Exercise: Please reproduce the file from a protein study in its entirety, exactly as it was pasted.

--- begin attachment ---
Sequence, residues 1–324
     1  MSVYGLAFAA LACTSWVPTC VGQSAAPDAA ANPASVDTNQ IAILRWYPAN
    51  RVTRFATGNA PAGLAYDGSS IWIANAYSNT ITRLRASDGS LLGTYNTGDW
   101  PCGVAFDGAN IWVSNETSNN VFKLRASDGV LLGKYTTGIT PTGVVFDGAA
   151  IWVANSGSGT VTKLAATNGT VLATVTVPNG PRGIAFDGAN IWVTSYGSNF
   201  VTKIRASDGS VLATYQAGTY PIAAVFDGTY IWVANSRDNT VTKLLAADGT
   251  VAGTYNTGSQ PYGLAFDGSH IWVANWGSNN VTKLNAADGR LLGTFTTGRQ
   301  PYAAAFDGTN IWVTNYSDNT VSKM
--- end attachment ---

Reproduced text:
Sequence, residues 1–324
     1  MSVYGLAFAA LACTSWVPTC VGQSAAPDAA ANPASVDTNQ IAILRWYPAN
    51  RVTRFATGNA PAGLAYDGSS IWIANAYSNT ITRLRASDGS LLGTYNTGDW
   101  PCGVAFDGAN IWVSNETSNN VFKLRASDGV LLGKYTTGIT PTGVVFDGAA
   151  IWVANSGSGT VTKLAATNGT VLATVTVPNG PRGIAFDGAN IWVTSYGSNF
   201  VTKIRASDGS VLATYQAGTY PIAAVFDGTY IWVANSRDNT VTKLLAADGT
   251  VAGTYNTGSQ PYGLAFDGSH IWVANWGSNN VTKLNAADGR LLGTFTTGRQ
   301  PYAAAFDGTN IWVTNYSDNT VSKM